Solomon Badger, chairman of FAMU's Board of Trustees, said the school hopes to be back on track "as soon as possible" but estimated it could take another year to 18 months to fix all of the issues. Earlier this month, he suspended the search for a new president, saying the accreditation probation and other problems should be fixed before a permanent leader is hired.

State University System Chancellor Frank Brogan said he supports Badger's decision. "Trying to find a world-class president when the issue of re-accreditation hangs literally in the balance is a very difficult thing to do," Brogan said.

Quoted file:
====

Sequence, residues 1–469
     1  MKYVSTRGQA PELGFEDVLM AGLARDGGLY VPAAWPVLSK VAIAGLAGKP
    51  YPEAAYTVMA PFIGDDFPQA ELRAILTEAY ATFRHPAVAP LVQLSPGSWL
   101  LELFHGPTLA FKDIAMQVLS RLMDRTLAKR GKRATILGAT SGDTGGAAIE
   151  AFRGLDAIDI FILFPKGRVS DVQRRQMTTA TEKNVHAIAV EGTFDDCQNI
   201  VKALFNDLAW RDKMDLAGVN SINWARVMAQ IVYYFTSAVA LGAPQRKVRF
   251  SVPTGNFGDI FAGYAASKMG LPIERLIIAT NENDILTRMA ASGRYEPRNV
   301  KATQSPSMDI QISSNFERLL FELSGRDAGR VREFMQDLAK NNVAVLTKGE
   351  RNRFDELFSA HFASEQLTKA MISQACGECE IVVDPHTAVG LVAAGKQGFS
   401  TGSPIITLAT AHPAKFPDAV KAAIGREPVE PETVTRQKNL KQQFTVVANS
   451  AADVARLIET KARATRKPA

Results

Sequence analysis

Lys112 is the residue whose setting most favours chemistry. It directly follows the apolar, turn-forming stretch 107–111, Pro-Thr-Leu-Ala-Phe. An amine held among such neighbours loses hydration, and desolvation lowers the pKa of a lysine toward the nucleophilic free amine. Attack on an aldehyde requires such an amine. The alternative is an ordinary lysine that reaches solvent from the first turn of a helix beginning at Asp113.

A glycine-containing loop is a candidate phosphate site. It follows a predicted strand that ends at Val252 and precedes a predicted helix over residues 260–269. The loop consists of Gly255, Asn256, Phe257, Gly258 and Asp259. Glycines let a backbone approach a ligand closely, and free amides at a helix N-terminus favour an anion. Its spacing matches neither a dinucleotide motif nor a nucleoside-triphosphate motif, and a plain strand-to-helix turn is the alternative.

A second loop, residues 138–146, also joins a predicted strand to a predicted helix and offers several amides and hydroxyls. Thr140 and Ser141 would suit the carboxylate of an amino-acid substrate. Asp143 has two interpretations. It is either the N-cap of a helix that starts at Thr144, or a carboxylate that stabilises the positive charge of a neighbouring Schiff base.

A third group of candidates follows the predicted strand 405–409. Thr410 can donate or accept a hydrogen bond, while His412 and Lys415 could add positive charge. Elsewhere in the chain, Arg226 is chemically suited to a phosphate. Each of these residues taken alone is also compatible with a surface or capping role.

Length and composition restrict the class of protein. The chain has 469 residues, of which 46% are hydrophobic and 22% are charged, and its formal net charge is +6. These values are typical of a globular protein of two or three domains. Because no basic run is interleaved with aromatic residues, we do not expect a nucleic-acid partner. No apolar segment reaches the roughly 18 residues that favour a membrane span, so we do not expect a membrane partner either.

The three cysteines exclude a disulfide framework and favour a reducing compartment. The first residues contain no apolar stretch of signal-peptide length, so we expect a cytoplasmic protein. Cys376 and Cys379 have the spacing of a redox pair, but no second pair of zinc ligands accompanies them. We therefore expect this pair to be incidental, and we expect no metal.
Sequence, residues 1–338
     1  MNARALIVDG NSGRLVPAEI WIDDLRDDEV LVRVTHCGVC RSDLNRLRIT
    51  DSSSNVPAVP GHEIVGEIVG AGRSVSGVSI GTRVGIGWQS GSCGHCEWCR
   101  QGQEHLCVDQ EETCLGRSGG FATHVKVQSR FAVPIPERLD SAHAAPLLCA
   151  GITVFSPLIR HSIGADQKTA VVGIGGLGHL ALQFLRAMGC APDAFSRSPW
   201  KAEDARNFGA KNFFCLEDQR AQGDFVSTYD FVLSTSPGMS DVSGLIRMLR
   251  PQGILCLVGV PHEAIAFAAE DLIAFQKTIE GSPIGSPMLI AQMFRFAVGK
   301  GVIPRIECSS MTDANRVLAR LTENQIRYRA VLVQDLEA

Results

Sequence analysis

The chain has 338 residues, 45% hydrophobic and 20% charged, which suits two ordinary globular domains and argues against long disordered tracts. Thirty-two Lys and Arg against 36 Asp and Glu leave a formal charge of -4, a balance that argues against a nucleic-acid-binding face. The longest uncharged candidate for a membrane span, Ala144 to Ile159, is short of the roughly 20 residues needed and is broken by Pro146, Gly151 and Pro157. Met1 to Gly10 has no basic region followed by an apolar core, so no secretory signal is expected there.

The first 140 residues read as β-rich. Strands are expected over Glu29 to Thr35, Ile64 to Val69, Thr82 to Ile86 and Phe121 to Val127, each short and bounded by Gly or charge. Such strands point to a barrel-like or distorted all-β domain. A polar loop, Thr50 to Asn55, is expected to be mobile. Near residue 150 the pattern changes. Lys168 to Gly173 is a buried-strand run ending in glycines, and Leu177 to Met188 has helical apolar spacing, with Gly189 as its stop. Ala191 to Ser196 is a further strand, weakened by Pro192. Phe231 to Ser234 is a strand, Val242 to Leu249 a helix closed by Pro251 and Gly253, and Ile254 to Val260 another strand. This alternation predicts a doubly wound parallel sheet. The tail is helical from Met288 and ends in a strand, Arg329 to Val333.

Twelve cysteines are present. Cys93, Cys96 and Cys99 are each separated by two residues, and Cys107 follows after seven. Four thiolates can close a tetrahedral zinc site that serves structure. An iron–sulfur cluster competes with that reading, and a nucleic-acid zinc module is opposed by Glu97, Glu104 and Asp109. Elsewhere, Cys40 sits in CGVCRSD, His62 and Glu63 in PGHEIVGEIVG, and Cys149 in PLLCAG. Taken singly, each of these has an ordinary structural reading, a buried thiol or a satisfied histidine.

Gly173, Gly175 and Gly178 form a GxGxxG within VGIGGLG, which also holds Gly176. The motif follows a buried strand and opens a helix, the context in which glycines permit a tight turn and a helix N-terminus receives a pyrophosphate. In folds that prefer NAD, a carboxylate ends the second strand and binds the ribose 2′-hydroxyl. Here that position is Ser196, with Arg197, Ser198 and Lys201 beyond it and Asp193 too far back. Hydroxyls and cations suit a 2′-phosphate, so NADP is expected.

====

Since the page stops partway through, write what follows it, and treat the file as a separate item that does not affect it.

FAMU will submit a written report to the Southern Association of Colleges and Schools by late August, interim President Larry Robinson said. A SACS committee will visit the campus a month later. The accrediting organization will decide in December whether or not to remove FAMU from probation, extend the probation or implement more serious sanctions.

During a break between meetings, Robinson also talked about the return of the Marching 100 band, suspended since the November 2011 death of drum major Robert Champion. The school tried to hire a new band director in January, but talks broke down the day of the planned announcement.

Robinson said the search has resumed and candidates are being vetted. A final decision about the status of the band will be made by the end of the semester, or mid-May, he said.

Miami-Dade, Miami mayors bash Marlins ballpark financing deal in Sports Illustrated